• (a) State Pollution NOC or a copy of the valid consents (CTE and CTO);
  • (b) Hazardous Waste NOC or a copy of the valid authorisation under Hazardous Waste (Management and Handling) (HWM) Rules, 1989 as amended thereof;
  • (c) Consent Validity
  • (d) DIC certificate or a copy of a valid registration certificate issued by the District Industries Centre (DIC);
  • (e) A copy of the proof of installed capacity issued by either DIC/SPCB;
  • (f) Info of installed capacity of production in (MTA);
  • (g) Details of the products manufactured (Tones/year) during the last three years;
  • (h) Details of the manufacturing process;
  • (i) Details of water consumption;
  • (j) Details of water cess paid;
  • (k) Details of wastewater generation;
  • (l) Info related to the Wastewater Treatment (please provide a flow diagram of the treatment scheme);
  • (m) Details regarding Wastewater discharge;
  • (n) Flow diagram for emission control system(s) installed for each process unit, utilities, etc;
  • (o) Details of facilities provided for control of fugitive emission due to material handling process utilities etc.;
  • (p) Details of the fuel consumption;
  • (q) Provide stack emission monitoring results vis-à-vis the standards applicable;
  • (r) Ambient air quality HWM;
  • (s) Details on Waste generation;
  • (t) Details of collection, treatment;
  • (u) Disposal (including point of final discharge);
  • (v) Provide details of the disposal facility;
  • (w) Details if facilities provided are complying with the conditions stated by the SPCB in Authorisation;
  • (x) Analysis report of characterisation of hazardous wastes produced (including leachate test if applicable)
  • (y) Details of waste proposed to be taken in import or auction, as the case may be, for use as raw material
  • (z) Details of the Occupational Safety and health aspects (OSHA)

(3) The Joint Secretary, MoEF&CC or an authorised agency by the Ministry or any authorised officer must make sure that the lead acid battery recyclers have technical capabilities, appropriate facilities and devices to recycle used batteries and dispose of hazardous waste produced;

(4) The Joint Secretary, MoEF&CC or an authorised agency by the Ministry or any authorised officer must decide on registration application within one hundred and ninety days of receiving the application with complete information;

(5) The registration granted under BWM Rules must be in force for a couple of years from the day of issue or renewal unless cancelled or suspended previously;

(6) An application for the registration renewal must be according to Form VI at least six months before its expiry. The Joint Secretary, MoEF&CC or an authorised agency by the Ministry or any authorised officer must renew the registration granted to the lead acid battery recycler under sub-rule (4) of BWM Rules, after monitoring each case on merit; The following details must be furnished according to the said form in triplicate-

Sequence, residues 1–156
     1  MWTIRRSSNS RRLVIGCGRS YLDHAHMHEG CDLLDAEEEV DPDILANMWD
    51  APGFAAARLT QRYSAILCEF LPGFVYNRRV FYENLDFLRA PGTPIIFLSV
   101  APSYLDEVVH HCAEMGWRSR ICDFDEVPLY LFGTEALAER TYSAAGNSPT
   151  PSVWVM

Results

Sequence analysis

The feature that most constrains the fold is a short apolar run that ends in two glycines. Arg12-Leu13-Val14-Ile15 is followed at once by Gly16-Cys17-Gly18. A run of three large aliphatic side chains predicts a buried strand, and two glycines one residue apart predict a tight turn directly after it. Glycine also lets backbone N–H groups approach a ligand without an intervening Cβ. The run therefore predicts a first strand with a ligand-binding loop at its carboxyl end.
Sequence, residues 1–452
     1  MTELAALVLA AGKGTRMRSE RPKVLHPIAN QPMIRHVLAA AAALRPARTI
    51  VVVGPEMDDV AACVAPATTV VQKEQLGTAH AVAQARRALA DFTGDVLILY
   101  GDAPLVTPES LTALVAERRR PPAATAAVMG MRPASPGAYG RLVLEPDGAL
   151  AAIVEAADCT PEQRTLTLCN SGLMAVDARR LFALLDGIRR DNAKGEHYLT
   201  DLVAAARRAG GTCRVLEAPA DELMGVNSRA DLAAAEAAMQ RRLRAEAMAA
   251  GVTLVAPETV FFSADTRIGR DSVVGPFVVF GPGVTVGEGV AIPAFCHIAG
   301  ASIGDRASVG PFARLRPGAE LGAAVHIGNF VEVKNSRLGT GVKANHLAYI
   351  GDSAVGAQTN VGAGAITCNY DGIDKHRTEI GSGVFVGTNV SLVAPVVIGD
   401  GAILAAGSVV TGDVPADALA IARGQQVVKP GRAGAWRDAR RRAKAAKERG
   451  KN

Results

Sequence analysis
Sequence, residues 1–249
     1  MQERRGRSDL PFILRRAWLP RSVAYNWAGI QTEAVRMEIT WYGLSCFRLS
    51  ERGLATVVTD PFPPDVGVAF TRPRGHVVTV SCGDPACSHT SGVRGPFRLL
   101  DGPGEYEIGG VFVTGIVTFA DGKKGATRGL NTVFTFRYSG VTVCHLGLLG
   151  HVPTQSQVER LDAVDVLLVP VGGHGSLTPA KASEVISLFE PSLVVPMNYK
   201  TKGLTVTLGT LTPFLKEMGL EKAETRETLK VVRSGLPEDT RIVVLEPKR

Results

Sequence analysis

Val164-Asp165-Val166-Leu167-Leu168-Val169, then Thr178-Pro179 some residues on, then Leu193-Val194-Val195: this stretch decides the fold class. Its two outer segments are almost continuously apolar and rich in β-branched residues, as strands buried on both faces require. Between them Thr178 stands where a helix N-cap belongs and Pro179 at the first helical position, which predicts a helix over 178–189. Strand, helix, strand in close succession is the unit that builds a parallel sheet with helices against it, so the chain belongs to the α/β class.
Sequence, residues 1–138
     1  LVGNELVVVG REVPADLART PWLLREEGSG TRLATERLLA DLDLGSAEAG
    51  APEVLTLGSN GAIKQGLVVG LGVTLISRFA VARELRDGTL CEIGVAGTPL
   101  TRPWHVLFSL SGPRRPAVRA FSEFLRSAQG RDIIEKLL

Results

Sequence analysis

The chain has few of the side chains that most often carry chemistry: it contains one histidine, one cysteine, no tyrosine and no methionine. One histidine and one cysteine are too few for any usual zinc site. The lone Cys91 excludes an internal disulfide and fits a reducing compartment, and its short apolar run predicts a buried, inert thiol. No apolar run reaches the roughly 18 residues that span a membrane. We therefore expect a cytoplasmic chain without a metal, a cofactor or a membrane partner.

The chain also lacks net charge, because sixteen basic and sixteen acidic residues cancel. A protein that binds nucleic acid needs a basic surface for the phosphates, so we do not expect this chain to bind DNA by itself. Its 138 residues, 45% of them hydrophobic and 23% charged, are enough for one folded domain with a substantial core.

• Consent Validity
  • Validity of Authorisation in Rule 5 of the HWM Rules, 1989

(7) The Joint Secretary, MoEF&CC or an authorised agency by the Ministry or any authorised officer can, after giving a reasonable chance to the applicant of being heard, deny to grant registration;

(8) The Joint Secretary, MoEF&CC or an authorised agency by the Ministry or any authorised officer can suspend or cancel the issued registration under the BWM Rules if, in their opinion, the registered recycler has failed to adhere to any of the norms of registration, or with any provisions of the rules or Act made thereof after offering a chance to explain and after recording the reasons therefore;

(9) It must be the responsibility of the State Boards to analyse the compliance of conditions mentioned while according to registration; and

(10) An appeal must be made against any order of cancellation, suspension, or refusal of registration passed by The Joint Secretary, MoEF&CC or an authorised agency by the Ministry or any authorised officer. The appeal must be in writing, alongwith a copy of the order appealed against, and presented within thirty days of the passing of the order.

(11) The recyclers of used batteries must submit Form VII for filing returns annually by 30th June and 31st December. The following info must be furnished in the form -

  • Installed annual capacity to recycle used battery scarp (in MT)
  • The total quantity of used battery scarp purchased from/sent for processing during the period from October to March/April/September
  • Recovered amount of lead from the used battery scrap in (MTA)
  • Quantity of recycled lead sent back to Authorised/Registered Batteries Recyclers

(12) PCC/SPCB are the authorised authorities for renewal or grant of registration of lead acid battery recyclers with environmentally sound recycling facilities for recycling LABs/plates/other lead scrap/ashes and residue under HWM Rules mentioned in Environment (Protection) Act, 1986. So, the lead-acid battery recyclers also come under the preview of channelisation of used lead batteries in the provision of BWM rules 2001.

(13) The lead acid battery recyclers are granted authorisation according to the technical guidelines for environmentally sound recycling of lead-bearing wastes introduced by CPCB. SPCBs must ensure compliance with these guidelines before authorising these lead acid battery recyclers.

Frequently Asked Questions

  • 1. How many lead-acid batteries by value are used in cars?

    According to data evaluated by the International Lead Association, about 60% of lead-acid batteries by value are used in cars.

  • 2. Where are lead-acid batteries used?

    Lead-acid batteries are also found in industrial machinery such as cranes and forklifts, as well as in e-bikes and data centers.